Order relation

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comparison of functions, - relations, asymptotic relations

A notion arising in studies on the behaviour of a function with respect to another function in a neighbourhood of some point (this point may be infinite).

Let be a limit point of a set . If for two functions and there exist constants and such that for , , then is called a function which is bounded in comparison with in some deleted neighbourhood of , and this is written as

(read "f is of the order of g" ); means that the considered property holds only in some deleted neighbourhood of . This definition can be naturally used when , .

If two functions and are such that and as , then they are called functions of the same order as . For instance, if two functions are such that , if and if the limit

exists, then they are of the same order as .

Two functions and are called equivalent (asymptotically equal) as (written as ) if in some neighbourhood of , except maybe the point itself, a function is defined such that


The condition of equivalency of two functions is symmetric, i.e. if , then as , and transitive, i.e. if and , then as . If in some neighbourhood of the point the inequalities , hold for , then (*) is equivalent to any of the following conditions:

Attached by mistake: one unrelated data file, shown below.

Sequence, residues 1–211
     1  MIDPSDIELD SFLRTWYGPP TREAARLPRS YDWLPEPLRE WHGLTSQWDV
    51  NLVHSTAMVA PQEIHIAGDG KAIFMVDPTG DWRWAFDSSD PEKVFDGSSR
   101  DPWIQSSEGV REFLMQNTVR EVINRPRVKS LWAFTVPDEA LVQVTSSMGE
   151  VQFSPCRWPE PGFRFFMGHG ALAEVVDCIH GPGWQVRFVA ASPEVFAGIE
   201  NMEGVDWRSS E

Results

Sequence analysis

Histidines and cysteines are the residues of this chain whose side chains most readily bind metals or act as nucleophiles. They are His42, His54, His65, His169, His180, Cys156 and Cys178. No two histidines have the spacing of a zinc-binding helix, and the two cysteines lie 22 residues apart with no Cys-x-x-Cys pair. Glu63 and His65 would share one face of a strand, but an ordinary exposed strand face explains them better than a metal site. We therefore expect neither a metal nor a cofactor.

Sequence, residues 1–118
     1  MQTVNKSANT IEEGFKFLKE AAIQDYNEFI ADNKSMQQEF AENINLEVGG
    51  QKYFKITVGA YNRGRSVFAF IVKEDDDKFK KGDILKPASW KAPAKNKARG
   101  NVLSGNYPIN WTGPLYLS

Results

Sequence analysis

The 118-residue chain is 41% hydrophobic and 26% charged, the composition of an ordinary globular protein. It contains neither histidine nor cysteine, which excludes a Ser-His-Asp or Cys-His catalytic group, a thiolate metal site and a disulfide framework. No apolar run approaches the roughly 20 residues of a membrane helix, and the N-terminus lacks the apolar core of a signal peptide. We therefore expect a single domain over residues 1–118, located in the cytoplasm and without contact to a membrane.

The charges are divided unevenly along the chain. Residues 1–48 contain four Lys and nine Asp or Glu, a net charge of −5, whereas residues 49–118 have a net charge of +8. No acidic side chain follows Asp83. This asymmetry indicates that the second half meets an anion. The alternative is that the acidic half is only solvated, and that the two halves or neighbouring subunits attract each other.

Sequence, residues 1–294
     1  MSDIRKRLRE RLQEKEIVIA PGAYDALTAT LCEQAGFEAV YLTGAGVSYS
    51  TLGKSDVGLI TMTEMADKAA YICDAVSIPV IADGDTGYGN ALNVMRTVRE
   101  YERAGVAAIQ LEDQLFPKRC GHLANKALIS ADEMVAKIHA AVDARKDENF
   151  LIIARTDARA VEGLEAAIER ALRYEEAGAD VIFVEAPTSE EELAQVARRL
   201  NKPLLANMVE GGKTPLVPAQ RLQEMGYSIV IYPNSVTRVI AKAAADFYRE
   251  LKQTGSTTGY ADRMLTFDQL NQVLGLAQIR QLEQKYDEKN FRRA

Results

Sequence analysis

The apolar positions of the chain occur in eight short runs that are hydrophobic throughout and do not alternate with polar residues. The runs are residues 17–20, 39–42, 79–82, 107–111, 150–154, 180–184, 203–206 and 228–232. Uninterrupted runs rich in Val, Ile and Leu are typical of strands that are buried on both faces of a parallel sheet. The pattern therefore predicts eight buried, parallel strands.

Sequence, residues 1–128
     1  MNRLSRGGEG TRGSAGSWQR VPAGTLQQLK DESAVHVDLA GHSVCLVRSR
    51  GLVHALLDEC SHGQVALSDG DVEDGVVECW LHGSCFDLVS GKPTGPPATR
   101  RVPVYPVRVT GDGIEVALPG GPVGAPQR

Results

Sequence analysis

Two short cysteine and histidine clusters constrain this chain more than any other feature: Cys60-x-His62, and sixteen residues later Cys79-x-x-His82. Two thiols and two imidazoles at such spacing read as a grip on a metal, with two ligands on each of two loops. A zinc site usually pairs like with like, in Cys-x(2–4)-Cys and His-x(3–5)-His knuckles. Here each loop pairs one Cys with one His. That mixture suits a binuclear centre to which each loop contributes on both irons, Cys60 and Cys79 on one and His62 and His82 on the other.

If where , then is said to be an infinitely-small function with respect to , and one writes

(read "a is of lower order than f" ). If when , then if . If is an infinitely-small function for , one says that the function is an infinitely-small function of higher order than as . If and are quantities of the same order, then one says that is a quantity of order with respect to . All formulas of the above type are called asymptotic estimates; they are especially interesting for infinitely-small and infinitely-large functions.

Examples: (); ; (; any positive numbers); ().

Here are some properties of the symbols and :

if and , then

Formulas containing the symbols and are read only from the left to the right; however, this does not exclude that certain formulas remain true when read from the right to the left. The symbols and for functions of a complex variable and for functions of several variables are introduced in the same way as it was done above for functions of one real variable.


The symbols and ( "little oh symbollittle oh" and "big Oh symbolbig Oh" ) were introduced by E. Landau.


[a1] G.H. Hardy, "A course of pure mathematics" , Cambridge Univ. Press (1975)
[a2] E. Landau, "Grundlagen der Analysis" , Akad. Verlagsgesellschaft (1930)
How to Cite This Entry:
Order relation. Encyclopedia of Mathematics. URL:
This article was adapted from an original article by M.I. Shabunin (originator), which appeared in Encyclopedia of Mathematics - ISBN 1402006098. See original article